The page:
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RTI: Kolkata, Delhi police refuse to give information on facial recognition systems

Delhi and Kolkata’s police departments refused to furnish details about their respective facial recognition systems, in responses to RTI queries filed by the Internet Freedom Foundation (IFF), the digital rights advocacy body said on Tuesday. Additionally, the Telangana State Technology Services (TSTS), which was supposed to provide a facial recognition technology (FRT) solution to authenticate remote voters during the just-concluded Hyderabad municipal elections, told IFF that it had no intention to improve the present accuracy rate (80%) of the algorithm.

IFF asked the Delhi police if it had ever used the technology for investigations; whether any arrests had been made on the basis of results obtained from FRT systems; accuracy rates of such systems; information on databases in the department’s possession and on privacy impact assessments. However, the Delhi police told IFF that it could not share any of the required information, and referred to Section 8(d) of the RTI Act, 2005.

  • IFF noted that Section (1)(d) of RTI Act contains provisions that allow the state to prohibit furnishing information on “commercial confidence, trade secrets, intellectual property”. The organisation said that the absence of information about privacy protections put in place by the Delhi police, there are concerns that the data collected from citizens might be accessed by Innefu Labs, the company that supplies the FRT technology.

To the Kolkata Police, IFF posed questions about the law that allows the use of FRT; whether it had sought legal opinion on usage; whether a privacy impact assessment was conducted; whether there are any guidelines or standard operating procedure; the specific purposes for using FRT; the cost of procuring and maintaining the systems. The Kolkata Police refused to furnish any information, citing Section 24(4) of the RTI Act, 2005. 

  • IFF noted that Section 24(4) allows “certain organisations” such as intelligence and security organisations exemption from disclosing information. “This means that the Kolkata Police is using facial recognition technology without there being any avenue through which transparency and accountability can be demanded from them for their use of such an invasive technology,” it said.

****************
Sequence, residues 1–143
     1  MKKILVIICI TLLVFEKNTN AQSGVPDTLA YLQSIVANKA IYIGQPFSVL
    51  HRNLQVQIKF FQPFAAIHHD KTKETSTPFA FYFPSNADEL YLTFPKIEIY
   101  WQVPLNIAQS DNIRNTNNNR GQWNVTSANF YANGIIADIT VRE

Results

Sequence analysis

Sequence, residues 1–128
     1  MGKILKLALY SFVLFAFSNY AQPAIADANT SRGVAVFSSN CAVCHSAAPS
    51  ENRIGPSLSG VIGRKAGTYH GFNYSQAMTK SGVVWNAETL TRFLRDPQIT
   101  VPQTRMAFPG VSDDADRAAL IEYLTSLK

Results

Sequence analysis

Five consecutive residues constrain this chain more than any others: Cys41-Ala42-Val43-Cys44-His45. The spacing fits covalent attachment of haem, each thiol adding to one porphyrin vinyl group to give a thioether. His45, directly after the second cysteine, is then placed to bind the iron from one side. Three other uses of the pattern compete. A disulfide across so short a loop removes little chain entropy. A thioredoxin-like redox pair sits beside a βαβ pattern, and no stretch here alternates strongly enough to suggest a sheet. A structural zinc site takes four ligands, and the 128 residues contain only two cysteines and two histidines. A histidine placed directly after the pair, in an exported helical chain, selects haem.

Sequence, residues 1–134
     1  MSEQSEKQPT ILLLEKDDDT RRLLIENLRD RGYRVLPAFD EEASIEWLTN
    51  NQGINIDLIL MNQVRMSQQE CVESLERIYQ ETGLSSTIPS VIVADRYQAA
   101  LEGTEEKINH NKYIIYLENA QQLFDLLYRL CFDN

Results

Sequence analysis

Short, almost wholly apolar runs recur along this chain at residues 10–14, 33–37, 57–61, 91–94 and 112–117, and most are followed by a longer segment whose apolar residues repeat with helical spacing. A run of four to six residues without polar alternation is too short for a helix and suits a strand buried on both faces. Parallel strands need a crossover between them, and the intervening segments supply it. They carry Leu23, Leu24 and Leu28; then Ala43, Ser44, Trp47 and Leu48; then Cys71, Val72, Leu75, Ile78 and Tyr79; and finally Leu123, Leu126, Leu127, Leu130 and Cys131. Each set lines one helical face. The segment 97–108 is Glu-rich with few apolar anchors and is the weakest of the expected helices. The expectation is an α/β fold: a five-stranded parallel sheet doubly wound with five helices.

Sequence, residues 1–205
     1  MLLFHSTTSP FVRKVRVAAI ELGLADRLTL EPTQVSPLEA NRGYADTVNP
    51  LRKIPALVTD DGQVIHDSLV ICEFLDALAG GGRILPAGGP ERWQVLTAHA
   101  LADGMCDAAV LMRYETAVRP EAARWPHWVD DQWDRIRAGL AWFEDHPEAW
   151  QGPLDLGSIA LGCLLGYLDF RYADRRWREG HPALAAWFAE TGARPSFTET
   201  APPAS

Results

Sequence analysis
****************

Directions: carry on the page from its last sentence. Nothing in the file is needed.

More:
Meanwhile, IFF asked the Telangana State Technology Services (TSTS), which has supplied the State Election Commission (SEC) with an FRT system for voter authentication, for information on how the system works; what law authorises the use of FRT; accuracy of the algorithm from when FRT was first used by the SEC in the Kompally municipality elections; whether steps were taken to improve the accuracy; expenditure and so on.

MediaNama had reported earlier that the SEC had planned to deploy a remote e-voting system during the Greater Hyderabad Municipal Corporations (GHMC) elections. TSTS managing director GT Venkateswara Rao had then told MediaNama that remote voters would be authenticated using Telangana’s FRT-based Real Time Digital Authentication of Identity (RTDAI) system. This plan was subsequently dropped and replaced with an Aadhaar-based voting system. Eventually, the SEC dropped the remote voting idea altogether due to logistical issues.

  • In its reply, the TSTS said that it had achieved an 80% accuracy while identifying voters. The remaining 20% of the cases failed due to quality of the photograph database. It said it had found no bugs in the system, and hence no steps were taken to improve the accuracy. TSTS also said the data collected by the FRT system was deleted in 14 days.

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